Wednesday, June 24, 2020

THE Department of Education and Skills announced the extension of their July Education Programme to a full Summer Provision Programme, based in schools or at home, depending on the school. The programme provides an extended school year for schoolchildren with complex needs, above and beyond a child their age. Children must have a diagnosis of autism or an intellectual or profound disability to participate in the summer programme.

The programme is available for applications on, however the onus is still on the parent to source a tutor for their child if the school is not running a programme.

Leslie Hughes from Laochas, the Warrior Soul Project, a Waterford-based mental health charity for under 18s, has developed a series of anxiety coping skills for children, both those who may avail of the summer provision, and those who may not have need of the summer provision but are struggling with their uncertain place during this situation.

“Going back to school, I think it’s important that schools look out for children who may have already been at risk. Parents will already have been on high alert since March, but that awareness needs to continue over the summer months for children struggling with sleeping, excessively worried, sad, withdrawn or experiencing a sudden change in behaviour.”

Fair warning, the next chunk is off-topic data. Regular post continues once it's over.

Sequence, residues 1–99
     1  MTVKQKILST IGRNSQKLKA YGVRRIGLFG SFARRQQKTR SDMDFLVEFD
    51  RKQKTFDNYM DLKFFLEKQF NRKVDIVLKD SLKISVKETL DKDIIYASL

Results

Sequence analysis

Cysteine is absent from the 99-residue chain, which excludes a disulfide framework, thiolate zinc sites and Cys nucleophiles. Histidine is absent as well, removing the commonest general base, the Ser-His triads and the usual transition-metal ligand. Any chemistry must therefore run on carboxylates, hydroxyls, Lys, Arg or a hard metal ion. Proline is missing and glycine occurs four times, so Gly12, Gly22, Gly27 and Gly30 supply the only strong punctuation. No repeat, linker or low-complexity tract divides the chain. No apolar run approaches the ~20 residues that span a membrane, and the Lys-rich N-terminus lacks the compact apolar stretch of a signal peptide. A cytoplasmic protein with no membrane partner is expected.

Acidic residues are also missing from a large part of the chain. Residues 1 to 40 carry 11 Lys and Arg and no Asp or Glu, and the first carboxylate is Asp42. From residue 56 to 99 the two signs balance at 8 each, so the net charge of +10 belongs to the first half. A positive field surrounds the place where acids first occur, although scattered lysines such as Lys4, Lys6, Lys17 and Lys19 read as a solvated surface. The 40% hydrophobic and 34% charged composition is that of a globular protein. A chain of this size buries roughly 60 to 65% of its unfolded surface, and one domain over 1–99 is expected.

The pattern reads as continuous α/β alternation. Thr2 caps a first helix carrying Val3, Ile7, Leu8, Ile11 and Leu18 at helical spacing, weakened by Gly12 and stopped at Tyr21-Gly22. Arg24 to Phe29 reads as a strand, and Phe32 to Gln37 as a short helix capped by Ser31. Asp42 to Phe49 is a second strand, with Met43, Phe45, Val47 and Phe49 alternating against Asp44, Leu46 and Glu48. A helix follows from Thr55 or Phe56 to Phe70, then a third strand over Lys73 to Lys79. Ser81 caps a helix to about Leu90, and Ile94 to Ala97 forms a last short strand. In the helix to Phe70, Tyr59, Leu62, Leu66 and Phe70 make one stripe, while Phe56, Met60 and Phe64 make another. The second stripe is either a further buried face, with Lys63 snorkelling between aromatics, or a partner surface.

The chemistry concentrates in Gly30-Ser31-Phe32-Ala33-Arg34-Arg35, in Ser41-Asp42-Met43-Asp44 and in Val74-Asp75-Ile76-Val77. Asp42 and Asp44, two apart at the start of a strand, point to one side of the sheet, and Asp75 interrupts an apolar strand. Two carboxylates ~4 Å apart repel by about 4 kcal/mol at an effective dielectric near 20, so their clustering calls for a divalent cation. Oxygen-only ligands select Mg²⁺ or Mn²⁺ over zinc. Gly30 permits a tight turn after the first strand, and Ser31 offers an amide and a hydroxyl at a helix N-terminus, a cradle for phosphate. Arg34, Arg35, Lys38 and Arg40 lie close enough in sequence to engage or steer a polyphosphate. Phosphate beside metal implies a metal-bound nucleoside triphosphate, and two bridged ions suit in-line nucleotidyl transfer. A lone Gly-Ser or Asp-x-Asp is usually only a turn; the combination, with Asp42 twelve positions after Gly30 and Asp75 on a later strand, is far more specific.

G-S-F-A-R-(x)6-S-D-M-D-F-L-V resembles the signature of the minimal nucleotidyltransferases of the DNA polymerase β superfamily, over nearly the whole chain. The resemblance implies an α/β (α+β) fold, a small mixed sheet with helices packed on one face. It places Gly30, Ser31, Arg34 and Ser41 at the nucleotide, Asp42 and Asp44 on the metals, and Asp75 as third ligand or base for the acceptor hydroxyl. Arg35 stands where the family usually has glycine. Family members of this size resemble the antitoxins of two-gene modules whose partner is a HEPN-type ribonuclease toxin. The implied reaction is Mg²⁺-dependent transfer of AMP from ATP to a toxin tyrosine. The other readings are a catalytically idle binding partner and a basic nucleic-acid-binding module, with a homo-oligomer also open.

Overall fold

Leslie echoed the concerns of many, looking to models from other countries where small groups and social pods have been implemented. These small groups prohibit the sharing of toys, promote physical distancing and prohibit close comfort in the case of cuts or falls.

“We need to seriously look at how that would affect their emotional development. It is the exact opposite of what we have been teaching them all their lives. Imagine the feeling of nobody wanting to be close to you if you don’t fully understand the situation.”

She has called on the Department of Education, along with the Government to provide enough recourse and funding to help the transition from homeschool to classroom-based learning, taking into consideration that anxiety will be high in children.

An important transition which was not made possible this year was the oftentimes challenging transition from national school to post-primary school. Graduation could not be held in a sentimental way for sixth class students, or sixth year students. This abrupt end has the potential to uproot stability and increase anxiety in students.

Ahead of the return to school, and when parents notice negative or worrying behavioural changes in children, Leslie has a number of suggestions to increase coping skills. These include: lie down and put a teddy on your stomach, breath in and out, watching the teddy rise up and down; try to name animals alphabetically, imagine worry as a colour, similarly imagine calm as a colour-breath in a calm colour and out a worry colour.

These are ideal strategies for younger children but are effective for all ages. Laochas the Warrior Soul Project are available for workshops in schools, and Creative Art Therapy is also available, with one to one sessions funded by Laochas, credited by the Irish Association of Counselling and Psychotherapy.


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